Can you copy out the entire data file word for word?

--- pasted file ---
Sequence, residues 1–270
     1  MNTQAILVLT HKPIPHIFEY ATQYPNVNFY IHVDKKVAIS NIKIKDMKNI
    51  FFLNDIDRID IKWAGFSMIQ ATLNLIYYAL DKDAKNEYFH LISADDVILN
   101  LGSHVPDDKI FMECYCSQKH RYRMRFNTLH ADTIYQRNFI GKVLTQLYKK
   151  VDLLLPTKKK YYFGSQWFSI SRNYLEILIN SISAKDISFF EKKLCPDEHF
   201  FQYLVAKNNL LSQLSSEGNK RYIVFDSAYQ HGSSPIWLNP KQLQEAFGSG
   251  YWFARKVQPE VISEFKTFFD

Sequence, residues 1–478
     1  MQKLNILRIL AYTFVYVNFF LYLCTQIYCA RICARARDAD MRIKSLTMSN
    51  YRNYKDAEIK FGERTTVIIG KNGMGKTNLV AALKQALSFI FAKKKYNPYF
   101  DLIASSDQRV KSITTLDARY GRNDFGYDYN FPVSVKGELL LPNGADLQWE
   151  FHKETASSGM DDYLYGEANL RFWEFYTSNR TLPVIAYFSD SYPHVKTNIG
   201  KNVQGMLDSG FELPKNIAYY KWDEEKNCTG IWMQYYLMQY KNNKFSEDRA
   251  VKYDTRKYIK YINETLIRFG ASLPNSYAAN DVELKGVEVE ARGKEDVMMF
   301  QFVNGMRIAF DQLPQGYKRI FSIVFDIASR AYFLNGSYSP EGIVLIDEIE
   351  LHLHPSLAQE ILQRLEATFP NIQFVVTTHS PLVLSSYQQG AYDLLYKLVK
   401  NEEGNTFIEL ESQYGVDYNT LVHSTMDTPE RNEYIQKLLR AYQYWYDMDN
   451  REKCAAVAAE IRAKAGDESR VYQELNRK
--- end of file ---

Sequence, residues 1–270
     1  MNTQAILVLT HKPIPHIFEY ATQYPNVNFY IHVDKKVAIS NIKIKDMKNI
    51  FFLNDIDRID IKWAGFSMIQ ATLNLIYYAL DKDAKNEYFH LISADDVILN
   101  LGSHVPDDKI FMECYCSQKH RYRMRFNTLH ADTIYQRNFI GKVLTQLYKK
   151  VDLLLPTKKK YYFGSQWFSI SRNYLEILIN SISAKDISFF EKKLCPDEHF
   201  FQYLVAKNNL LSQLSSEGNK RYIVFDSAYQ HGSSPIWLNP KQLQEAFGSG
   251  YWFARKVQPE VISEFKTFFD

Sequence, residues 1–478
     1  MQKLNILRIL AYTFVYVNFF LYLCTQIYCA RICARARDAD MRIKSLTMSN
    51  YRNYKDAEIK FGERTTVIIG KNGMGKTNLV AALKQALSFI FAKKKYNPYF
   101  DLIASSDQRV KSITTLDARY GRNDFGYDYN FPVSVKGELL LPNGADLQWE
   151  FHKETASSGM DDYLYGEANL RFWEFYTSNR TLPVIAYFSD SYPHVKTNIG
   201  KNVQGMLDSG FELPKNIAYY KWDEEKNCTG IWMQYYLMQY KNNKFSEDRA
   251  VKYDTRKYIK YINETLIRFG ASLPNSYAAN DVELKGVEVE ARGKEDVMMF
   301  QFVNGMRIAF DQLPQGYKRI FSIVFDIASR AYFLNGSYSP EGIVLIDEIE
   351  LHLHPSLAQE ILQRLEATFP NIQFVVTTHS PLVLSSYQQG AYDLLYKLVK
   401  NEEGNTFIEL ESQYGVDYNT LVHSTMDTPE RNEYIQKLLR AYQYWYDMDN
   451  REKCAAVAAE IRAKAGDESR VYQELNRK